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As detailed in today’s Oracle, USF is now accepting bids from private security firms. The University’s “Invitation to negotiate” – the document that sets the parameters for the bidding process – indicate that if a private security firm is hired, it would be responsible for the “external and internal inspection and patrol of University property,” “protection of University property,” reporting of “hazardous conditions and physical security problems,” it would also enforce “designated University regulations, policies and procedures,” provide “non-criminal public safety and security enforcement services to the USF community,” and assist University Police “when called upon.”

The University, moreover, is seeking a firm that will provide around-the-clock services. The guards would wear uniforms, be unarmed and be required to undergo background checks, as well as uphold the training standards expected of other professionals in the field.

Still, it remains disconcerting that the University is seeking a private security firm for these jobs, considering that the bid invitation blatantly charges non-police with investigating “unusual occurrences” and expect them to be capable of “responding to any call received.”

What also remains is the question of resources: If the University can find the money to pay a private security firm, then why can’t it find the money for UP salaries? As reported in previous editions of the Oracle, the ranks of UP are thinning because other nearby law enforcement agencies pay thousands more to officers with similar experience.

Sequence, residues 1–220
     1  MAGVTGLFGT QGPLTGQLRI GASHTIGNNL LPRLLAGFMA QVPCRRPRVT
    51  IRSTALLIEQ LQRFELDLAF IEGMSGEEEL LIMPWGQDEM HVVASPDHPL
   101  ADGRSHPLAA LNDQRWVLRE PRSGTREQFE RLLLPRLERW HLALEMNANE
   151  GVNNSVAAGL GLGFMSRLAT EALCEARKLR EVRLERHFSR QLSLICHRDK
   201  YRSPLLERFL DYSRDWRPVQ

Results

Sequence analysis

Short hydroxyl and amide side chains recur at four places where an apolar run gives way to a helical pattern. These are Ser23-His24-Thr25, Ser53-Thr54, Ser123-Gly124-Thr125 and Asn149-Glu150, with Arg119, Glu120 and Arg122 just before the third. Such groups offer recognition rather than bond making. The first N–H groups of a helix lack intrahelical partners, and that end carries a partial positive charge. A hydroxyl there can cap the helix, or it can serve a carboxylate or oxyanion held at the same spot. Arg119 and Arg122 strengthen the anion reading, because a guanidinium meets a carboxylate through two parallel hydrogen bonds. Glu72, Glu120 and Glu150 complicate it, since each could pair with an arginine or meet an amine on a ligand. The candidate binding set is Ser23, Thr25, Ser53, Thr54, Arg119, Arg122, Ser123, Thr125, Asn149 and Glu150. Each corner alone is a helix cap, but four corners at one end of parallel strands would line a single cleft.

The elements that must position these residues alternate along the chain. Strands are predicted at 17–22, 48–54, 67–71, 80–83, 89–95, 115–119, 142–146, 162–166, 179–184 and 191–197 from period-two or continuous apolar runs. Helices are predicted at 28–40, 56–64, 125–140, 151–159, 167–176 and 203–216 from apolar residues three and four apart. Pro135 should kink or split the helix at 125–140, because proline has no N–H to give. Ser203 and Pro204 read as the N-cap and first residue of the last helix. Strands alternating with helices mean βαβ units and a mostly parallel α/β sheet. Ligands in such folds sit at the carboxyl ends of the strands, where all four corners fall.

Vice President of Student Affairs Jennifer Meningall claims the bidding will not serve as a disincentive against proper contract negotiations with UP, currently underway to address salary and budgetary issues.

Initially, the private security firm would be funded for only one year, Meningall said. The firm would not be funded by the pool of recurring funds, so the University would have to reassess the cost before contracting the firm for an additional year.

However, the length of any security firm’s tenure on campus is unimportant when assessing whether such a firm should be on campus. USF should not hire a private security firm because the money for such a firm – be it from recurring funds or others – could well be used by a strapped UP. Although USF has not yet specified the price it’s willing to pay a private security firm, it seems unlikely that 24-hour-a-day surveillance would be cheaper than a few more officers’ salaries or even raises, considering said firms seek profit and would likely charge overhead to generate it.

The University should consider the true cost of penny-pinching UP further – by hiring a private security firm – before rushing to do so.